People around the world lack faith in governments amid crisis, McCann finds

The report finds that a lack of trust in government is a global issue.

The vast majority of people around the globe do not believe that their government is capable of dealing with the coronavirus outbreak. 

According to a report from McCann Worldgroup’s Truth Central global intelligence unit, only 14 percent of people globally believe that their government is "very prepared" to deal with the coronavirus outbreak.

Just 11 percent of people in the US believe their government is "very prepared", while in the UK the figure is even lower - six percent.

Another 31 percent believe that their government is "prepared," with people in India and Turkey most likely to say that their government is prepared. 

In addition to a lack of faith in government institutions, the report finds that the top concern for most people worldwide is the economy, rather than dying. 

Nearly half of people (48 percent) in the report say they're concerned that the economy will suffer, while 43 percent are worried that many people will die. 

Fourteen percent are concerned that their country will become more racist due to the disease.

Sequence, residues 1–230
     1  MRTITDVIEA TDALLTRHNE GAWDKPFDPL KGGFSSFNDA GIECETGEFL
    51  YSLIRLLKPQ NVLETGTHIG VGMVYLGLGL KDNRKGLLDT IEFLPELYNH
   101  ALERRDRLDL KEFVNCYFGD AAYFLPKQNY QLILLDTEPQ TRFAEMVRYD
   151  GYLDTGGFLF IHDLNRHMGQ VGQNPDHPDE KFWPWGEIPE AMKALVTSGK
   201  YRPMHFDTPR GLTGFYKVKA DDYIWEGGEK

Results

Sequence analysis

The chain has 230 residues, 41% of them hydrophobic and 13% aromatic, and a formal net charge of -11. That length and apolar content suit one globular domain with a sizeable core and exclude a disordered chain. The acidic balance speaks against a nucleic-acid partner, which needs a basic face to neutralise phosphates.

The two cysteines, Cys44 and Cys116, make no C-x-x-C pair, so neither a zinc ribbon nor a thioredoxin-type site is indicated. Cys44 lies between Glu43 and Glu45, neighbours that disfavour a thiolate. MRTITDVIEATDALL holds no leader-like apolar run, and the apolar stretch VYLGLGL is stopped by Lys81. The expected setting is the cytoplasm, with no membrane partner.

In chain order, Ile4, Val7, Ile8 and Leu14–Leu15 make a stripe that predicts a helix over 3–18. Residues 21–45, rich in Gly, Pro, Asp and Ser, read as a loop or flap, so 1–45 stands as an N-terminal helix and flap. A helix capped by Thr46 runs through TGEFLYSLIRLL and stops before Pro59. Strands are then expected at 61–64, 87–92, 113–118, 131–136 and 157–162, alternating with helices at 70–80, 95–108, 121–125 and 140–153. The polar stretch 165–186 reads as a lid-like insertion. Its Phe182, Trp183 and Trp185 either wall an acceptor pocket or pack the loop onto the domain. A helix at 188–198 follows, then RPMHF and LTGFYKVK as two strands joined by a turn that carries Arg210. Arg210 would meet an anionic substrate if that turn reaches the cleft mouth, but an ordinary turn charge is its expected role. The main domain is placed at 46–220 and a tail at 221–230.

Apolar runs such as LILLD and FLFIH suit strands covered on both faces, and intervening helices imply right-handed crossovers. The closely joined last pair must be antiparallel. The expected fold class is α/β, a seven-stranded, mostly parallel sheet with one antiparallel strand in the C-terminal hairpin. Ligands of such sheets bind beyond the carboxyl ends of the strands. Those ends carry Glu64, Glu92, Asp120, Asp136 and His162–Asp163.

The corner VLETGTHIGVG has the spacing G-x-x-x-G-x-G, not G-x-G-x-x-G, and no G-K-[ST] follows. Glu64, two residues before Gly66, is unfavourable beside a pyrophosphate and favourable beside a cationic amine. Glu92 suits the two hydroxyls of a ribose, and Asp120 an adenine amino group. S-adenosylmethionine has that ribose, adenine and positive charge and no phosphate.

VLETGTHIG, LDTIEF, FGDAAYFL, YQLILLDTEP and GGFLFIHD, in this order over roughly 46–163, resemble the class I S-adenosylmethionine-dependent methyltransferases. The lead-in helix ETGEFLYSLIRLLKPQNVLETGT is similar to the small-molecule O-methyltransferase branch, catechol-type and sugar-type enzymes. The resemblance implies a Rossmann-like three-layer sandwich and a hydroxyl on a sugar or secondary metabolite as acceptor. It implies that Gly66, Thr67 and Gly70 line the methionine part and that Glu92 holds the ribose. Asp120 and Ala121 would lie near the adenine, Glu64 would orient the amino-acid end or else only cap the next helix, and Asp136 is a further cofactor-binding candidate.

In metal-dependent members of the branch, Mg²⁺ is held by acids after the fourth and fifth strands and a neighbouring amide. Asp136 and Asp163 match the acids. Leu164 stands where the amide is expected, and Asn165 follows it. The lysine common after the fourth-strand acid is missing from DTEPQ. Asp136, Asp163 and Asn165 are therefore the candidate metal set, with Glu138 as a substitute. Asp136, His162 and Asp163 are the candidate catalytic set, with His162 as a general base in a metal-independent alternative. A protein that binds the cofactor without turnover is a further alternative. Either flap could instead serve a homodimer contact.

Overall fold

People in more developed nations, such as the U.S., Canada, and Japan, are more concerned about their economies than countries like Chile.

Interestingly, the role of the media in the pandemic varies wildly from impacted countries to lesser impacted ones. 

While 42 percent of people worldwide believe that the media is creating unnecessary panic, only 29 percent of people in Spain and Italy are likely to agree with that.

Spain and Italy have become epicenters for the disease in Europe, with both countries reporting more deaths than in China, where the outbreak began. 

But there is good news in the report, with 54 percent of people believing that the pandemic will make everyone reconsider what is most important in life.

Thirty-seven percent of people also believe that carbon emissions will go down (which has already been seen).

Another 17 percent, who may not have their priorities straight, believe COVID-19 will lead to high-quality memes.

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